How does the scaffold containing cholesterol bound to NPC1L1 move around the cell?
Via myosin runners
When calcium concn is low, it is absorbed via Ca channels. Which vitamin increases expression for these channels?
Ferric iron can be absorbed by the enterocyte. True/False?
Must be converted to ferrous iron (Fe2)
Ferrous iron can be absorbed via a cotransporter. Which ion is coupled with its transport?
i.e. H+ dependent cotransport of iron
What is the other mechanism (other than receptor transport) by which iron can be absorbed by the enterocyte?
Through haem - haem is taken up and degraded by haem oxidase
What is the storage form of iron called?
What are the ranges for normal BMI?
What are the ranges for BMI classed as overweight?
What are the ranges for BMI classed as obese?
What are the ranges for BMI classed as morbidly obese?
Greater than 40
How is obesity "a disease of the brain"?
The brain sees new fat/weight as normal, and attempts to lose weight are seen as a threat to survival, so the new weight is defended
Lesioning ventromedial hypothalamus causes leanness. True/False?
Lesioning ventromedial hypothalamus causes obesity
Which lesioning part of the hypothalamus causes leanness?
Feeling of fullness during/following a meal
Period from end of one meal to beginning of next
What effects do satiation signals have during a meal?
Increased signals limit meal size, i.e. you can't eat anymore
What is ghrelin?
A hunger signal - levels increase before a meal and decrease after a meal
Which 2 hormones report the "fat status" of fat stores to the brain?
Levels of leptin and insulin increase in the blood as more fat is stored. True/False?
Reduced leptin mimics starvation. True/False?
Name a drug that can be prescribed to tackle obesity
How does Orlistat work?
Inhibits pancreatic lipase to decrease triglyceride absorption
Vomiting is due to stomach contraction. True/False?
Stomach, oesophagus + sphincters are relaxed
Which centre coordinates vomiting in the brainstem?
Vomiting centre (VC) in the medulla oblongata
Does nausea always cause vomiting?
Toxic materials stimulate enterochromaffin cells to release which mediator of vomiting?
Which 3 stimulants stimulate the CTZ in the brainstem to act on the VC to initiate vomiting?
What effects do vagal efferents have on the oesophagus, stomach and small intestine in the vomiting reflex?
Small intestine retrograde contraction
Place the parts of the small intestine in order from shortest to longest
Which 3 components increase the SA of the small intestine?
Where is gastrin secreted from?
G cells of stomach + duodenum
Where is CCK secreted from?
I cells of duodenum + jejunum
Where is secretin secreted from?
S cells of duodenum
Where is motilin secreted from?
M cells of duodenum + jejunum
Where is ghrelin secreted from?
Gr cells of stomach, small intestine + pancreas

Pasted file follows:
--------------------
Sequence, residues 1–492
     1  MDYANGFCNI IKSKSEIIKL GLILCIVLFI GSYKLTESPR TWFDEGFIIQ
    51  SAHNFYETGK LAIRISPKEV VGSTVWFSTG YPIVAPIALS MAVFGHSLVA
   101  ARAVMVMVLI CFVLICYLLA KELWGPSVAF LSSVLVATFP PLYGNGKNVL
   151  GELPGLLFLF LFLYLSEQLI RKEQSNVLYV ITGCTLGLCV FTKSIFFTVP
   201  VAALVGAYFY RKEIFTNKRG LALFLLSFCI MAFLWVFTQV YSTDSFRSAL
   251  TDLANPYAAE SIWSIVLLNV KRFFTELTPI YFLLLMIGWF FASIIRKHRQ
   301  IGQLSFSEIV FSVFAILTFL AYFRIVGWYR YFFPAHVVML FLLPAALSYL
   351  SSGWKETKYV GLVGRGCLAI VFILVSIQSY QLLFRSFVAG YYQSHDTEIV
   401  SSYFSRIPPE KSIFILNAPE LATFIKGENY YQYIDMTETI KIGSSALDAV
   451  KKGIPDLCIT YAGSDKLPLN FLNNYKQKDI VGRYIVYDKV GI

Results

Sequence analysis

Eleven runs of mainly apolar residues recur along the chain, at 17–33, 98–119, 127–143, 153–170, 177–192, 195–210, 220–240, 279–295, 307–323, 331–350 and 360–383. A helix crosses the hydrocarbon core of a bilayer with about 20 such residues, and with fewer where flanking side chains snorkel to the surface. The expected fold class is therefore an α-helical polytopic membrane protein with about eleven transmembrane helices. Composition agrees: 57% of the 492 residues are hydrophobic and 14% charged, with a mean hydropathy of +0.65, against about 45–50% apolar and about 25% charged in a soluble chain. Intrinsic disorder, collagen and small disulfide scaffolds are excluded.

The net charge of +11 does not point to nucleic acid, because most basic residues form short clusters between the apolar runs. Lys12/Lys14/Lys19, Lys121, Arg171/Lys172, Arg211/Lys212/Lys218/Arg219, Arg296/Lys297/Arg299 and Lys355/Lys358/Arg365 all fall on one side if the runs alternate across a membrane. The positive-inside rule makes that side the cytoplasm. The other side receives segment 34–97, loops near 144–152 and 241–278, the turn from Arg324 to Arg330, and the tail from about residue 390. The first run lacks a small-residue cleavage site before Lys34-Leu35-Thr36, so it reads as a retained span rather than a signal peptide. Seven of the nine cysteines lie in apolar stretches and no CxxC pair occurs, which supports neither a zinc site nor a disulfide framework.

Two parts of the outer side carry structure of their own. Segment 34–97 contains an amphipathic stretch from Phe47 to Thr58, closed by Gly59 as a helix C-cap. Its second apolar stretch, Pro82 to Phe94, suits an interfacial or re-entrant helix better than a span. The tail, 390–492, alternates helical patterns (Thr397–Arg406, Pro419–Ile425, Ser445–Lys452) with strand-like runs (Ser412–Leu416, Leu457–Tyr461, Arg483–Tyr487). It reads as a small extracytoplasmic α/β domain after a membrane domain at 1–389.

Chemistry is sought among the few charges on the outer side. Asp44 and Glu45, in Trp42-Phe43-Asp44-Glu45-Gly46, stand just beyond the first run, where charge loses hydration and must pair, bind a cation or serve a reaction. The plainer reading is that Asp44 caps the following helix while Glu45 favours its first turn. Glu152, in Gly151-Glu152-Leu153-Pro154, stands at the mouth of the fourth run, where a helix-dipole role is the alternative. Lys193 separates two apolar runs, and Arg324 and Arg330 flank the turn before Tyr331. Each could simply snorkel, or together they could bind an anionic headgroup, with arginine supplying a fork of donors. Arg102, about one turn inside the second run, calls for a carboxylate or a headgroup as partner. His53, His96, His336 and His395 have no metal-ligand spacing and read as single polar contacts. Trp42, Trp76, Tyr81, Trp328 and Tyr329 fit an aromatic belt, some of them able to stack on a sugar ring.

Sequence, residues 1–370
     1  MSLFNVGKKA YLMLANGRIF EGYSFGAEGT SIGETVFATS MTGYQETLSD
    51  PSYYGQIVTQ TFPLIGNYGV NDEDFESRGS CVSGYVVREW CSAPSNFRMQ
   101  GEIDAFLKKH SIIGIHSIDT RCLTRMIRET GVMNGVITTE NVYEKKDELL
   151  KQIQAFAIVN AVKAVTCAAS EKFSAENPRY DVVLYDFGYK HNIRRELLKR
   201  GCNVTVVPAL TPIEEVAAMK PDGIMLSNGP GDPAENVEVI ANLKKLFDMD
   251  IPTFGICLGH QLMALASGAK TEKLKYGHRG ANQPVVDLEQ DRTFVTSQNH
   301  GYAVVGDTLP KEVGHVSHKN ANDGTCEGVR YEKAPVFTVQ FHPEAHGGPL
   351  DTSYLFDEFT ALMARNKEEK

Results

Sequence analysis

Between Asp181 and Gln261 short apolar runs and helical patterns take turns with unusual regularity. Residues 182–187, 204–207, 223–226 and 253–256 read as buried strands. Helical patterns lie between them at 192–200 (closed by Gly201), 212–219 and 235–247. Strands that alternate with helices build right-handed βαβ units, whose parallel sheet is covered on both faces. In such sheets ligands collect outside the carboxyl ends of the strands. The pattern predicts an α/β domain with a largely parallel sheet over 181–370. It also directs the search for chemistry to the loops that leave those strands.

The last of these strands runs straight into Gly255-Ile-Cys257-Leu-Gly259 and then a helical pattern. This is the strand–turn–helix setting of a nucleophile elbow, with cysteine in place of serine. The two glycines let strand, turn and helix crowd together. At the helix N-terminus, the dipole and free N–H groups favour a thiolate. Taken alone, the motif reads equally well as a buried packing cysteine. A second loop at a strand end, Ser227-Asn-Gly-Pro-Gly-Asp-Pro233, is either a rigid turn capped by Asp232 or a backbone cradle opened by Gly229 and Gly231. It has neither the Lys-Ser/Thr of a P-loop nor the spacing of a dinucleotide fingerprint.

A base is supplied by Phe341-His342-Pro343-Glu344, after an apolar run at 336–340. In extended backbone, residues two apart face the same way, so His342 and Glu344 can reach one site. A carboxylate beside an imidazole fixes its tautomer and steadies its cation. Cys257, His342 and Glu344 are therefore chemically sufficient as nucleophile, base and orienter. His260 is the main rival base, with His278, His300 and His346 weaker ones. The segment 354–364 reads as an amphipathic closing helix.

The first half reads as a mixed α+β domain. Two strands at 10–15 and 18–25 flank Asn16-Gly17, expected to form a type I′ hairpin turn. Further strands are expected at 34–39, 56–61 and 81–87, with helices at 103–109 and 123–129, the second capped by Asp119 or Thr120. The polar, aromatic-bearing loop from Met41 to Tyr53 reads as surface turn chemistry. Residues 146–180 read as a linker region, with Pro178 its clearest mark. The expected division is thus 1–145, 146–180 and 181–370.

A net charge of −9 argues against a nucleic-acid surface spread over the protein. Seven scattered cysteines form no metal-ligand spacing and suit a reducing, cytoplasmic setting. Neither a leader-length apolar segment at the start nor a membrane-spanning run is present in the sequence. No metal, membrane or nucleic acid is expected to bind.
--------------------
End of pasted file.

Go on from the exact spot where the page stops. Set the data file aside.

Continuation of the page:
Distention, gastrin, CCK, secretin + parasympathetic activity all enhance the secretion of intestinal juice. True/False?
What is the migrating motor complex in the small intestine?
Strong peristaltic contraction spanning from stomach to end of ileum which clears debris and mucus between meals (housekeeper - migrating "mother" complex!)
Gastrin and CCK trigger the migrating motor complex. True/False?
Motilin triggers it; CCK and gastrin inhibit it
The exocrine pancreas secretes digestive enzymes from ____ cells and aqueous salt from ____ cells, collectively called pancreatic juice
The exocrine pancreas secretes digestive enzymes from acinar cells and aqueous salt from duct cells
What does the aqueous salt solution released from pancreatic duct cells do?
Neutralises acidic chyme in the duodenum
In the duodenum, proton is lost/added to blood and bicarbonate is lost/added to lumen; in the stomach, proton is lost/added to lumen and bicarbonate lost/added to blood
In the duodenum, proton is lost to blood and bicarbonate is added to lumen; in the stomach, proton is added to lumen and bicarbonate lost to blood
Acid/chyme in duodenum stimulates/inhibits the release of secretin, which stimulates/inhibits release of intestinal juice from pancreas
Acid/chyme in duodenum stimulates the release of secretin, which stimulates release of intestinal juice from pancreas
Fat and protein in the duodenum stimulates/inhibits the release of CCK, which stimulates/inhibits release of intestinal juice from pancreas
Fat and protein in the duodenum stimulates the release of CCK, which stimulates release of intestinal juice from pancreas
Intermittent contraction of circular muscle in proximal colon at slow rate to allow contents to move but leave enough opportunity for reabsorption
Which nerve conveys efferents to cause either relaxation or contraction of the external anal sphincter?
Reabsorption of water is largely driven by the reabsorption of which salt?
Which mechanism is the most major in Na reabsorption in the post-prandial period in the jejunum?
Na-glucose and Na-amino acid cotransport
What is the effect of cAMP, cGMP and Ca2+ on NaCl absorption?
Reduce NaCl absorption
Where do epithelial Na channels (ENaC) mediate Na absorption?
Where does blood from the hepatic artery and hepatic portal vein meet and mix in the liver?
Sinusoids (fenestrated capillaries that enable blood to leak out into space of Disse)
The liver is made up of hexagonal lobules. List the vessels and ducts contained in each lobule
Central vein (branch of hepatic vein)
Portal triad (hepatic portal branch + hepatic artery branch + bile duct)
What is the direction of blood flow in a liver lobule?
Inwardly through sinusoids towards the central vein
What is the direction of bile flow in a liver lobule?
Outwardly through canaliculi towards the bile duct
Canaliculi are formed by the basolateral membrane. True/False?
Canaliculi are formed by the apical membrane
Which membrane faces the space of Disse?
Which 3 types of cell are located in the sinusoidal spaces?
Stellate (Ito) cells
What is the function of endothelial cells in the sinusoidal space?
Fenestrated structure allows passage of solute, but not cells
What is the function of Kuppfer cells in the sinusoidal space?
Macrophages that remove bacterial matter and dead RBCs
What is the function of Stellate (Ito) cells in the sinusoidal space?
Store vitamin A within the space of Disse
May deposit collagen, beginning liver cirrhosis
Most bile is secreted by bile duct cells. True/False?
Most is secreted by the liver